Figure 3. The forest plot for the crude association between maternal binary acetaminophen burden and the risk of ADHD diagnosis in offspring across each stratum of pertinent covariables. Acetaminophen burden is the sum of all the acetaminophen metabolites. No detection group is the reference group.
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Table 1. Maternal and child characteristics for children with ADHD diagnosis, ASD diagnosis (excluding ADHD), other developmental disorder diagnosis (other DD), and neurotypical children (NT).
Table 1. Maternal and child characteristics for children with ADHD diagnosis, ASD diagnosis (excluding ADHD), other developmental disorder diagnosis (other DD), and neurotypical children (NT).
VariableTotal, N (%)NT, N (%)ADHD, N (%)ASD, N (%)Other DD, N (%)p-Value ǂ
Total1180 (100)604 (51.19)188 (15.93)44 (3.73)344 (29.15)
Maternal Age 0.101
  <35965 (81.78)510 (84.44)151 (80.32)34 (77.27)270 (78.49)
  ≥35215 (18.22)94 (15.56)37 (19.68)10 (22.73)74 (21.51)
Maternal race/ethnicity 0.073
  Black809 (68.56)425 (70.36)126 (67.02)26 (59.09)232 (67.44)
  White48 (4.07)24 (3.97)11 (5.85)2 (4.55)11 (3.20)
  Hispanic256 (21.69)112 (18.54)44 (23.40)15 (34.09)85 (24.71)
  Others67 (5.68)43 (7.12)7 (3.72)1 (2.27)16 (4.65)
Education level 0.208
  Below college degree1033 (87.54)520 (86.09)172 (91.49)37 (84.09)304 (88.37)
  College degree or above147 (12.46)84 (13.91)16 (8.51)7 (15.91)40 (11.63)
Smoking before or during pregnancy 0.018
  Never977 (82.80)520 (86.09)141 (75.00)38 (86.36)278 (80.81)
  Quitter90 (7.63)38 (6.29)18 (9.57)3 (6.82)31 (9.01)
  Continuous113 (9.58)46 (7.62)29 (15.43)3 (6.82)35 (10.17)
Drinking before or during pregnancy 0.491
  No1086 (92.03)560 (92.72)173 (92.02)38 (86.36)315 (91.57)
  Yes94 (7.97)44 (7.28)15 (7.98)6 (13.64)29 (8.43)
Parity 0.484
  Nulliparous527 (44.66)281 (46.52)85 (45.21)18 (40.91)143 (41.57)
  Multiparous653 (55.34)323 (53.48)103 (54.79)26 (59.09)201 (58.43)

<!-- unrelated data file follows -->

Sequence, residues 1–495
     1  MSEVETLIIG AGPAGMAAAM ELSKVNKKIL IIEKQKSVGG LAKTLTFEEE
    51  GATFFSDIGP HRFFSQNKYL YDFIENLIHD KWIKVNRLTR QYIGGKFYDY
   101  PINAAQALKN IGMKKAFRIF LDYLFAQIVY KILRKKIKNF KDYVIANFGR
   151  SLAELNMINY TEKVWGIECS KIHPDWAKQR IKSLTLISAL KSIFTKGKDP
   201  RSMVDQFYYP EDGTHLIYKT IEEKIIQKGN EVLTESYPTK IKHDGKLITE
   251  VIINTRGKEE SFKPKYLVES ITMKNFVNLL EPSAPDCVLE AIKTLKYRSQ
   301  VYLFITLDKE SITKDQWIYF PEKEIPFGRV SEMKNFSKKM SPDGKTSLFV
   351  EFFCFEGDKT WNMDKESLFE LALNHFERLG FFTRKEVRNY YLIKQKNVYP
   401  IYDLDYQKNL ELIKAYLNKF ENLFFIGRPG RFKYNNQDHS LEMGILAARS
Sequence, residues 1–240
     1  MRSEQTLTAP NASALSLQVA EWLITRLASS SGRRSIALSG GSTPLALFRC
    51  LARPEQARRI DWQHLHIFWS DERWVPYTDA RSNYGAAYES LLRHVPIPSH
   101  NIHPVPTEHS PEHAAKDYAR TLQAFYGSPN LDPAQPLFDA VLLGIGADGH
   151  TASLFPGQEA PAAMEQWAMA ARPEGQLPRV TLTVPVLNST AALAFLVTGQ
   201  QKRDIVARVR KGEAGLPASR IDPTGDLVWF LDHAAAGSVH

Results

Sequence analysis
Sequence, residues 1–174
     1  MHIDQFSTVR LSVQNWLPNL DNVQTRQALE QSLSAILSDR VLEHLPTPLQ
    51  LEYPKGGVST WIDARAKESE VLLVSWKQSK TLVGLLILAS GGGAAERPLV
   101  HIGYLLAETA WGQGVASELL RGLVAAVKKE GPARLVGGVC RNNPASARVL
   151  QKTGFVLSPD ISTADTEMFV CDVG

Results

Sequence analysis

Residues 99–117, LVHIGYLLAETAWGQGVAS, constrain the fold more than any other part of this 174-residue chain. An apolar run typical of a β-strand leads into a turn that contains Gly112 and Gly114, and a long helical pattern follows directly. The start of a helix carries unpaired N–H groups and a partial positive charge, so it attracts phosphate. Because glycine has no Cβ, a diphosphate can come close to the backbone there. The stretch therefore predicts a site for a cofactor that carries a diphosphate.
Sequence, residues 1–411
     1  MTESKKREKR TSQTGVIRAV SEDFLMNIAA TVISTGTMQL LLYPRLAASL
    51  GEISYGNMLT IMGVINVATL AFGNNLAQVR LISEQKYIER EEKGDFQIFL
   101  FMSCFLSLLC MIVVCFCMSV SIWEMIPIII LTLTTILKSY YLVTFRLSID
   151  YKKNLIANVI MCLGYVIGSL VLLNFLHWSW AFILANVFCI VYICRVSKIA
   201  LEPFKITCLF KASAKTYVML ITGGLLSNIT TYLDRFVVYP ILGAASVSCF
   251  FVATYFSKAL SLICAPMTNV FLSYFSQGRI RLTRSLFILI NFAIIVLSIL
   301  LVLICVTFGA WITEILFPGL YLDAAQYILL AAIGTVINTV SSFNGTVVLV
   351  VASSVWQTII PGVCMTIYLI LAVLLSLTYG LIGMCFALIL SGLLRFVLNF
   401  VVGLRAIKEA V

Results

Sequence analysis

Child’s sex <0.001
  Female576 (48.81)351 (58.11)49 (26.06)14 (31.82)162 (47.09)
  Male604 (51.19)253 (41.89)139 (73.94)30 (68.18)182 (52.91)
Delivery type 0.008
  C-section426 (36.10)192 (31.79)75 (39.89)22 (50.00)137 (39.83)
  Vaginal754 (63.90)412 (68.21)113 (60.11)22 (50.00)207 (60.17)
Maternal fever 0.594
  No1108 (93.90)570 (94.37)178 (94.68)42 (95.45)318 (92.44)
  Yes72 (6.10)34 (5.63)10 (5.32)2 (4.55)26 (7.56)
Intrauterine infection/inflammation 0.136
  No1023 (86.69)537 (88.91)157 (83.51)38 (86.36)291 (84.59)
  Yes157 (13.31)67 (11.09)31 (16.49)6 (13.64)53 (15.41)
Maternal BMI 0.304
  <18.5041 (3.47)20 (3.31)9 (4.79)2 (4.55)10 (2.91)
  18.50–24.99514 (43.56)284 (47.02)72 (38.30)15 (34.09)143 (41.57)
  25–29.99337 (28.56)164 (27.15)58 (30.85)11 (25.00)104 (30.23)
  >30288 (24.41)136 (22.52)49 (26.06)16 (36.36)87 (25.29)
Breastfeeding 0.351
  Bottle only286 (24.24)142 (23.51)55 (29.26)9 (20.45)80 (23.26)
  Both or breastfed only894 (75.76)462 (76.49)133 (70.74)35 (79.55)264 (76.74)
Unchanged acetaminophen * 0.027
  First tertile411 (34.83)227 (37.58)46 (24.47)13 (29.55)125 (36.34)
  Second tertile375 (31.78)192 (31.79)66 (35.11)12 (27.27)105 (30.52)
  Third tertile394 (33.39)185 (30.63)76 (40.43)19 (43.18)114 (33.14)
3-(N-Acetyl-l-cystein-S-yl) acetaminophen * 0.013
  No detection441 (37.37)248 (41.06)51 (27.13)15 (34.09)127 (36.92)
  Below median361 (30.59)182 (30.13)62 (32.98)10 (22.73)107 (31.10)
  Above median378 (32.03)174 (28.81)75 (39.89)19 (43.18)110 (31.98)
Acetaminophen glucuronide * 0.018
  No detection531 (45.00)299 (49.50)68 (36.17)15 (34.09)149 (43.31)
  Below median315 (26.69)152 (25.17)52 (27.66)15 (34.09)96 (27.91)
  Above median334 (28.31)153 (25.33)68 (36.17)14 (31.82)99 (28.78)
Acetaminophen burden ** 0.027
  No detection531 (45.00)299 (49.50)68 (36.17)15 (34.09)149 (43.31)
  Below median315 (26.69)151 (25.00)54 (28.72)14 (31.82)96 (27.91)
  Above median334 (28.31)154 (25.50)66 (35.11)15 (34.09)99 (28.78)
Gestational age, week <0.001
  Mean (SD)37.9 (3.3)38.5 (2.5)37.3 (3.6)37.0 (4.6)37.2 (4.0)
Birthweight, g <0.001
  Mean (SD)2966.2 (789.9)3085.5 (669.7)2865.0 (819.4)2860.9 (1026.2)2825.5 (898.0)
Note: NT was defined as free of any developmental disorder diagnosis; ADHD was defined as any ADHD diagnosis; ASD was defined as any ASD diagnosis without having an ADHD diagnosis; other DD was defined as any developmental disorder diagnosis other than ASD and ADHD. ǂ The p-values were obtained from χ2 tests or one-way ANOVA among the four diagnosis groups; * Inverse normal transformed intensity; ** Sum of all the acetaminophen metabolites.
Table 2. The association between maternal acetaminophen metabolites and the risk of ADHD diagnosis, ASD diagnosis (excluding ADHD), and other DD diagnosis in offspring.
Table 2. The association between maternal acetaminophen metabolites and the risk of ADHD diagnosis, ASD diagnosis (excluding ADHD), and other DD diagnosis in offspring.
ModelADHD, 188 (15.9%)ASD, 44 (3.7%)Other DD, 344 (29.2%)
Odds Ratio95% CIp-ValueOdds Ratio95% CIp-ValueOdds Ratio95% CIp-Value
Unchanged acetaminophen *
Model 1Second tertile1.70(1.11,2.59)0.0141.09(0.49,2.45)0.8320.99(0.72,1.37)0.967